Food & Drink

Sharon Thompson: Recommendations for healthier eating in 2014

Sharon Thompson
Sharon Thompson

The Alzheimer's Association is recommending that consumers consider a brain-healthy diet as part of their New Year's resolutions.

A brain-healthy diet consists of foods that reduce the risk of heart disease and diabetes, encourage good blood flow to the brain and are low in fat and cholesterol.

According to the Alzheimer's Association, a long-term study of 1,500 adults found that those who were obese in middle age were twice as likely to develop dementia in later life. Those who also had high cholesterol and high blood pressure had six times the risk of dementia. Studies have also shown that high intake of saturated fat and cholesterol clogs the arteries and is associated with higher risk for Alzheimer's disease. Foods that are high in naturally occurring antioxidants, which promote cell health, are associated with lower risk.

"Kentucky is home to more than 80,000 people living with Alzheimer's disease," Teri Shirk, executive director of the Greater Kentucky and Southern Indiana Chapter of the Alzheimer's Association, said in a news release. "We don't know all the causes, but heredity and diet are factors. The good news is that there are several delicious things we can add to or substitute in our diets to reduce our chances of Alzheimer's."

Recommendations include:

■ Dark-skinned fruits and vegetables, which have the highest levels of naturally occurring antioxidant. Such vegetables include kale, spinach, brussels sprouts, alfalfa sprouts, broccoli, beets, red bell pepper, onion, corn and eggplant. Fruits with high antioxidant levels include prunes, raisins, blueberries, blackberries, strawberries, raspberries, plums, oranges, red grapes and cherries.

■ Cold water fish, which contain beneficial omega-3 fatty acids: halibut, mackerel, salmon, trout and tuna.

■ Some nuts, including almonds, pecans and walnuts, are a good source of vitamin E, another antioxidant.

The association also says there is some indication that vitamins, such as vitamin E, or vitamins E and C together, vitamin B12 and folate, might be important in lowering the risk of developing Alzheimer's. A brain-healthy diet will help increase your intake of these vitamins and the trace elements necessary for the body to use them effectively. Go to

Food trends to watch

Marketing communications brand JWT has released its annual forecast of trends for 2014. Watch for:

■ Edible packaging: A tool being used by marketers that utilizes new technologies to create edible wrappers. To make their goods more sustainable, marketers are harnessing new technologies to create edible wrappers. The Bob's burger chain in Brazil now serves its burgers in packaging you can eat, while L.A.-based ice cream truck brand Coolhaus wraps ice cream sandwiches in edible material. And Harvard bioengineer David Edwards is behind WikiPearl, whose edible packaging can enclose any food or beverage "like a grape skin."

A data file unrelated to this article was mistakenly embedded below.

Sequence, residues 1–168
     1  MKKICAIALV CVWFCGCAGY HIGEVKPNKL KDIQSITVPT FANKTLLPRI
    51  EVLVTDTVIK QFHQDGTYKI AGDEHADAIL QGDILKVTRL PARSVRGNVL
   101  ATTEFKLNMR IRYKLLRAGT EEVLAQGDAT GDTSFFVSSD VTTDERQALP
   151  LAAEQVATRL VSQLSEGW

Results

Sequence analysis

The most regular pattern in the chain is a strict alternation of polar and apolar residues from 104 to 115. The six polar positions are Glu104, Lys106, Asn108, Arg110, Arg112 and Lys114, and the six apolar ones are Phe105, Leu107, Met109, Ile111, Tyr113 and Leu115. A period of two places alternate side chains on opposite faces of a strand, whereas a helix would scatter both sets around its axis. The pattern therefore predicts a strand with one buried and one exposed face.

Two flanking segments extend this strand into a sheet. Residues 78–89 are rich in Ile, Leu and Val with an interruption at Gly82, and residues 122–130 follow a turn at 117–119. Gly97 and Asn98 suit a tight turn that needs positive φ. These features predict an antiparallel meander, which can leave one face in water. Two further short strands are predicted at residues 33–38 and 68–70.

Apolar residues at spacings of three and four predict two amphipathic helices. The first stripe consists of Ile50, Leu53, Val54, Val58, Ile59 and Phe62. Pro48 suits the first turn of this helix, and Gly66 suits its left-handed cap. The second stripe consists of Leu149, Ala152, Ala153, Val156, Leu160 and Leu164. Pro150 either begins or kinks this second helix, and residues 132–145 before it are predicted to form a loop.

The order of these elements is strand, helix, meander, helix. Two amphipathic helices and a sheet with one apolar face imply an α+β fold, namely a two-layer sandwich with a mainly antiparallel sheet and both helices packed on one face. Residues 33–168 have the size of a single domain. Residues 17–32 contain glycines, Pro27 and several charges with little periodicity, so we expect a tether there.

■ Infused ice cubes: Mixologists are starting to push the flavors of their concoctions with infused ice cubes that are different shapes and sizes and made with juices, fruits, syrups and herbs. They enhance the look of the beverage, and as they melt, rather than dilute the cocktail, the cubes add complementary flavors. They also up the cost.

■ Silent meals: In an effort to help diners eat more mindfully, we'll see some restaurants hold silent meals. The Brooklyn restaurant Eat has done this periodically, asking patrons to remain quiet and focus on the taste of the food, the sounds of the food prep and the details of the room. In Mexico City, "anti-restaurants" have popped up where people eat in silence.

■ Ugly produce: Proudly Imperfect, the lumpy form of an heirloom tomato or gnarled carrots at a farmers market, are gaining more appeal than the prettier produce commonly seen at supermarkets. In Europe, there's a movement afoot to reduce food waste by selling rather than discarding imperfect produce. Some groups encouraging people to buy imperfect produce and speak out against regulations governing the appearance of produce sold in stores.

Pouch handy for smoothies

If one of your New Year's resolutions is to add healthful smoothies and shakes to your diet, here's a product that will make them easier to tote in your lunch bag.

EZ Squeezees is a refillable and reusable pouch with a large zippered side for easy, mess-free filling. Just fill with your favorite puree or shake, zip, eat, and then wash and reuse. They are BPA and phthalate free, as well as dishwasher and freezer safe. EZ Squeezees hold 6.5 ounces of food and can be reused about 15 times per pouch. Cost is $9.99 for a 3-pack. Go to